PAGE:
Nissan profit rises on strong sales, cheap yen
TOKYO (AP) — Nissan's quarterly profit rose nearly 37 per cent, helped by a favourable exchange rate and healthy sales in North America and China.
Nissan Motor Company reported yesterday a better-than-expected net profit of 112 billion yen (US$1.1 billion) for the April-June first fiscal quarter, up from 82 billion yen a year earlier. Analysts surveyed by FactSet had forecast a quarterly profit of 85 billion yen (US$835 million). Quarterly sales jumped 10 per cent to 2.466 trillion yen (US$24.2 billion).
Nissan's vehicle sales grew in the robust North American market, on solid demand for the Rogue crossover and the Altima sedan, offsetting shaky Japan, where a rise in the consumption tax dampened sales overall.
"Nissan continued to make progress in the first three months of the fiscal year as encouraging demand for new products, benefits from recent plant investments, and improving market conditions in North America, China and Europe combined to lift both revenues and profits," said Carlos Ghosn, president and chief executive officer.
Yokohama-based Nissan kept its full year forecasts unchanged at a 405 billion yen (US$4 billion) net income and 10.79 trillion yen (US$106 billion) sales. The profit figure would represent a 4 percent increase from the previous year and the sales figure a 3 percent increase.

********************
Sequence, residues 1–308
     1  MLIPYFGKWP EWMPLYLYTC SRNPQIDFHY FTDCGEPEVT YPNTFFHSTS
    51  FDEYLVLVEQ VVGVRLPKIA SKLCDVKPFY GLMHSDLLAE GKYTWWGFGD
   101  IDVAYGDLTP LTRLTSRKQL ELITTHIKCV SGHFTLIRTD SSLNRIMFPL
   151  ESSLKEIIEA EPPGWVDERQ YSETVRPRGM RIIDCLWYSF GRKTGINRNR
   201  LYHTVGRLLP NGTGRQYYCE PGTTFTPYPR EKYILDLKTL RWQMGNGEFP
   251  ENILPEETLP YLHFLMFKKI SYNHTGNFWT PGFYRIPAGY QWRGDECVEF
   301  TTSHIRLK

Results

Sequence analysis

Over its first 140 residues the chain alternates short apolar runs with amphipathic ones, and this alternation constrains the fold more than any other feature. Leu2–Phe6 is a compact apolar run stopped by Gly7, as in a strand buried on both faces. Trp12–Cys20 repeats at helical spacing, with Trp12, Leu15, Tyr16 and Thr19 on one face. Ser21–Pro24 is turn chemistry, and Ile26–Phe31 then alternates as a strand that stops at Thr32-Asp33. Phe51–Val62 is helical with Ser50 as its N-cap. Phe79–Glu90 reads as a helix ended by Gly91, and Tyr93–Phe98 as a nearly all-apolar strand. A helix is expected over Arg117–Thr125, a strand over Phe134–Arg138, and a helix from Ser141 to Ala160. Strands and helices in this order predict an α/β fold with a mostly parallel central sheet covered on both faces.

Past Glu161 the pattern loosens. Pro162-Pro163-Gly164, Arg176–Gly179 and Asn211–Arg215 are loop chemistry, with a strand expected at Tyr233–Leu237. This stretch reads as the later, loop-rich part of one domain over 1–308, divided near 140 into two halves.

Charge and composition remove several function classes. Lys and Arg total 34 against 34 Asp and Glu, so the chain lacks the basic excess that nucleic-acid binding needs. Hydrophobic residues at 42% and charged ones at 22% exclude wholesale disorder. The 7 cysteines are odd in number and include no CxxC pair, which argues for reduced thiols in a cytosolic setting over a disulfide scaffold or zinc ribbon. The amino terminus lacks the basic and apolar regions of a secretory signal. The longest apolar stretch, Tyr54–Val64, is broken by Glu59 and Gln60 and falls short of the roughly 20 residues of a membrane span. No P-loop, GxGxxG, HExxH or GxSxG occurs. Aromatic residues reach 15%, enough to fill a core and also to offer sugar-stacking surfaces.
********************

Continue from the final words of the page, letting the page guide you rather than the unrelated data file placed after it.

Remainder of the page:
Nissan sold 1.24 million vehicles globally during the first quarter, a six per cent rise from the previous year.
Nissan has stepped up its global expansion, opening new plants in Brazil, Indonesia and Thailand and other emerging markets where it sees strong growth.
But Nissan, which makes the Infiniti luxury model, March subcompact and Leaf electric car, is also doing will in the US, a developed market.
Its US sales volume grew 14 per cent from the previous year, and Nissan's market share in the US edged up by 0.5 points to 7.9 per cent.
Nissan is also holding up in Europe, boosting vehicle sales in Russia by 31 per cent.
The automaker sold fewer vehicles in Japan, where demand waned following an April 1 sales tax hike. Its market share increased by 0.1 point to 11.5 per cent.
The cheap yen continued to boost Nissan's earnings. Japanese exporters get a perk because it lifts the value of overseas earnings. Nissan said the company gained several billion yen in operating profit from the currency rate but declined to give a specific number.
Nissan said its green image was enhanced by the accolades for its zero-emission Leaf electric vehicle.
Nissan has now sold 124,000 Leaf vehicles, still a niche market but significant as a plus for its image because of the concerns about global warming and the environment, according to the automaker.
Nissan boasts one of the most successful alliances in the auto industry with Renault SA, and sharing common basic parts on which the products are manufactured has been a key part of its strategy, helping slash costs.